Thus far, the presidential campaign has been a summer beach read of the kind you'd see generated from the pen of Lisa Scottoline, Nicholas Sparks, or Jennifer Weiner. It's had conflict, dishonesty, backstabbing, fashion, and, while thus far lacking a sexual theme, did have a debate over the size of a candidate's manhood. But now we're about to change genres into spycraft and political espionage of the type we'd expect from Nelson DeMille, Tom Clancy, or Ken Follett. Ever since Henry Kissinger said "peace is at hand" in the waning days of the 1972 election, virtually every presidential campaign has raised the prospect of another October surprise. This time it might actually happen.

Recall that FBI Director James Comey said he couldn't be sure whether Hillary Clinton's private servers were hacked, but did conclude that those with whom she regularly communicated were compromised. In his carefully worded statement, Comey said:

"With respect to potential computer intrusion by hostile actors, we did not find direct evidence that Secretary Clinton's personal email domain, in its various configurations since 2009, was successfully hacked. But, given the nature of the system and of the actors potentially involved, we assess that we would be unlikely to see such direct evidence.

"We do assess that hostile actors gained access to the private commercial email accounts of people with whom Secretary Clinton was in regular contact from her personal account. We also assess that Secretary Clinton's use of a personal email domain was both known by a large number of people and readily apparent. She also used her personal email extensively while outside the United States, including sending and receiving work-related emails in the territory of sophisticated adversaries.

"Given that combination of factors, we assess it is possible that hostile actors gained access to Secretary Clinton's personal email account."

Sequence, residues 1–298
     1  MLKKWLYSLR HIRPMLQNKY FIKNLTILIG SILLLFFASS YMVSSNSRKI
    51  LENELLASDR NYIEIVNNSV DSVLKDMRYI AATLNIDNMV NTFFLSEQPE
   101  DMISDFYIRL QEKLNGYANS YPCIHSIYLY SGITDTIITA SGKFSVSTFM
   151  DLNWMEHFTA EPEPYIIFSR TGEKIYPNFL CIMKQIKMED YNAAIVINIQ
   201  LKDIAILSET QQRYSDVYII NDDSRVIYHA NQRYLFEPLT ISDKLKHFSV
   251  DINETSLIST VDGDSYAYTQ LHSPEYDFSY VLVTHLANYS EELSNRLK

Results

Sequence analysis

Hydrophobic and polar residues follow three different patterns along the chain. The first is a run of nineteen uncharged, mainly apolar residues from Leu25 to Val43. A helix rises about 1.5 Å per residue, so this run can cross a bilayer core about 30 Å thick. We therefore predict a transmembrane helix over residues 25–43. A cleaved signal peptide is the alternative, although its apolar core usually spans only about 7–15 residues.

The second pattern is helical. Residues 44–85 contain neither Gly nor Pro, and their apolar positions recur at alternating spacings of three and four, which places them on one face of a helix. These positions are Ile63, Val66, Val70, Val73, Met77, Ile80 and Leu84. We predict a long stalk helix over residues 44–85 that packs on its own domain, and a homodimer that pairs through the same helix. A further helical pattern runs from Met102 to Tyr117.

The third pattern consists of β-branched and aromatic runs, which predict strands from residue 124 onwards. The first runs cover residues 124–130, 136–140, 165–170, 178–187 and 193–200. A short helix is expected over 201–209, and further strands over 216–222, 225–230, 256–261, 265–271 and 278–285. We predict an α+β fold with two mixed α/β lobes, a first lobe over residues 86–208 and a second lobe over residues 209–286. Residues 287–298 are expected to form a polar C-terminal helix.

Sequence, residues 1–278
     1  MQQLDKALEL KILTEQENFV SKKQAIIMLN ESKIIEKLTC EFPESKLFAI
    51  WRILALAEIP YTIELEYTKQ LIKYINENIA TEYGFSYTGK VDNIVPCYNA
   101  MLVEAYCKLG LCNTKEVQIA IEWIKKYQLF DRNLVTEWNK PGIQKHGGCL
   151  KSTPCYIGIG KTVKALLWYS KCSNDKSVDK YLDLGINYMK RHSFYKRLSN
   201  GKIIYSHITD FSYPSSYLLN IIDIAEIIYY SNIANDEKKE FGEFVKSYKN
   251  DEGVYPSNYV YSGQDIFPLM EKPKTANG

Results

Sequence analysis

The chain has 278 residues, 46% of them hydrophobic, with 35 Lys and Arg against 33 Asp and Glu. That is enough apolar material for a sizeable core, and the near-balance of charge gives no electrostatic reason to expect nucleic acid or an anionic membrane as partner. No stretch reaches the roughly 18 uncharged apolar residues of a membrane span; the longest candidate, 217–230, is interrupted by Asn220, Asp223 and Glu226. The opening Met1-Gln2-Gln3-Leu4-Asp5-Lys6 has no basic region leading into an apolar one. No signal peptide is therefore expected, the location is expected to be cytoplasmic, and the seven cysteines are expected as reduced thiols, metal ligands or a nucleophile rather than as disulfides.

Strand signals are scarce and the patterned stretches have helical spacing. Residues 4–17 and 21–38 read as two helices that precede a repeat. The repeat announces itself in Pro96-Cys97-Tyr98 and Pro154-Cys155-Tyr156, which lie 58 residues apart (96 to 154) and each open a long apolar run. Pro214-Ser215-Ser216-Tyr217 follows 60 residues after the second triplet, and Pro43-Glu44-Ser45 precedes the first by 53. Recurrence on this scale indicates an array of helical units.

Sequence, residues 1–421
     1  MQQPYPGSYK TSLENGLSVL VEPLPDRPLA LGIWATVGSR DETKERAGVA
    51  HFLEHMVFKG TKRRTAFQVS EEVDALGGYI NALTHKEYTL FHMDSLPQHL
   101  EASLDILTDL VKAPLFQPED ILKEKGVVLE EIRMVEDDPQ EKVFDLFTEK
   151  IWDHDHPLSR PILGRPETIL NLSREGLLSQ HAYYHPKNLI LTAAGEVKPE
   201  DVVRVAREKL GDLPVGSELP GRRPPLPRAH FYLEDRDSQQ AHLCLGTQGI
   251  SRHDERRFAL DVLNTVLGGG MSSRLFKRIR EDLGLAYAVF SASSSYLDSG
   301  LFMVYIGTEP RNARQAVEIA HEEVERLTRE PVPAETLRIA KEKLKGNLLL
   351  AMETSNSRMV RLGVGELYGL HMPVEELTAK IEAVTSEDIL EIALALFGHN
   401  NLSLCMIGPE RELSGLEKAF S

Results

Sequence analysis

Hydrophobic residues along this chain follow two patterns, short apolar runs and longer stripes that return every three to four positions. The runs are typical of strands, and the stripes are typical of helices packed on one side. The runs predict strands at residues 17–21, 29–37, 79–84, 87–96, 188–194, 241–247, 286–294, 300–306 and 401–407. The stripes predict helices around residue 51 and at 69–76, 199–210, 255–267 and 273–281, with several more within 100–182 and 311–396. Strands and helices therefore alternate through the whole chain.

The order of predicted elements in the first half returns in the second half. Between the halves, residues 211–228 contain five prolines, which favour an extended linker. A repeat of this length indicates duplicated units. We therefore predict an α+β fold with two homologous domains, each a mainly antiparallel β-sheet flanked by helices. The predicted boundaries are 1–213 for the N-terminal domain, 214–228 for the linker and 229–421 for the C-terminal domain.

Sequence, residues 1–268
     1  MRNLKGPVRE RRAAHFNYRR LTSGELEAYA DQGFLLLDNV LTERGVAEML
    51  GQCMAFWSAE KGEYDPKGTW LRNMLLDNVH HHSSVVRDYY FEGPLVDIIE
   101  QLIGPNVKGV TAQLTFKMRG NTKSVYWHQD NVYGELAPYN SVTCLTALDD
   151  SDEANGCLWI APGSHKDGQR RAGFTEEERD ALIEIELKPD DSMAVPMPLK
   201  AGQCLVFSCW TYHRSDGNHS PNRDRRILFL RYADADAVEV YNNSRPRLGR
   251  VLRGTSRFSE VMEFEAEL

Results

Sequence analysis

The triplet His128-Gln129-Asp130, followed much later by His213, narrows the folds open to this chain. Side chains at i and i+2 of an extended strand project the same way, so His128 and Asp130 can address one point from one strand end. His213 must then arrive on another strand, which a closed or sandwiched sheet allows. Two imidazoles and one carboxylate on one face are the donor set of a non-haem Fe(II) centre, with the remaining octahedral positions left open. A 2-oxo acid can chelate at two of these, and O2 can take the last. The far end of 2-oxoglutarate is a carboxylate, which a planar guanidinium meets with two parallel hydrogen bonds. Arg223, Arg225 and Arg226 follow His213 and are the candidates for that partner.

His words preceded the WikiLeaks release of Democratic National Committee emails that are presumed to have originated with a Russian "hostile actor." WikiLeaks seems put off by the idea that Russia receives any "credit" for the scoop. When I discussed the situation on the radio last week with reference to a Russian role, WikiLeaks tweeted at me: "This epic scoop was born of 10 years' of hard work. Credit where it is due please."

Regardless of how the information was derived, common sense would suggest that anyone interested in the political party that just nominated Hillary Clinton would be even more interested in the Democratic candidate nominated for president. Julian Assange, the WikiLeaks founder and editor-in-chief, has well-documented antipathy toward Clinton and has promised more releases of embarrassing information. Voice mails stolen from the DNC would seem to indicate that someone has already made good on this threat.

Now imagine this in the fall: Emails surface that originated on Clinton's private email servers. They are of a public nature but were not handed over to Comey and the FBI. Their content need not be particularly damaging. The only thing needed to harm Clinton would be that they were emails of a public nature that should have been produced but instead were deleted, and then ended up in hostile hands.

Such a revelation could end this novel-like campaign - a true October surprise - confirming Republicans' worst charges about how Clinton jeopardized national security in a manner that even Comey characterized as "extremely careless."

Last week in Philadelphia, Bill Clinton called his wife a "change maker" - that would be a game changer!

Unless, of course, Donald Trump bobbles this potential gift before it falls in his lap. That's entirely possible. He has no filter and just can't help himself. On Wednesday he said: "Russia, if you're listening, I hope you're able to find the 30,000 emails that are missing. I think you will probably be rewarded mightily by our press." Later he and his surrogates tried to dismiss his statement as a jest. "Of course I'm being sarcastic," he told Fox News.

What Trump should have done was condemn all hacking by actors foreign and domestic, and then sat back until this story arc reached another plot point. Instead he provided Democrats with an opportunity to cast him as siding with Vladimir Putin against America, which, if successful, could obscure Clinton's negligent behavior in relying on a private server even if it was hacked.

If DeMille were writing it, his chief protagonist, former NYPD cop John Corey, would: muzzle Trump, censure Clinton, depose Putin, and ensure that Khizr Khan - the breakout star of the final night of the Democratic convention - is the next American president. All of which sounds far-fetched, except when viewed against the backdrop of this election.

Michael Smerconish can be heard from 9 a.m. to noon on SiriusXM's POTUS Channel 124 and seen hosting "Smerconish" at 9 a.m. Saturdays on CNN.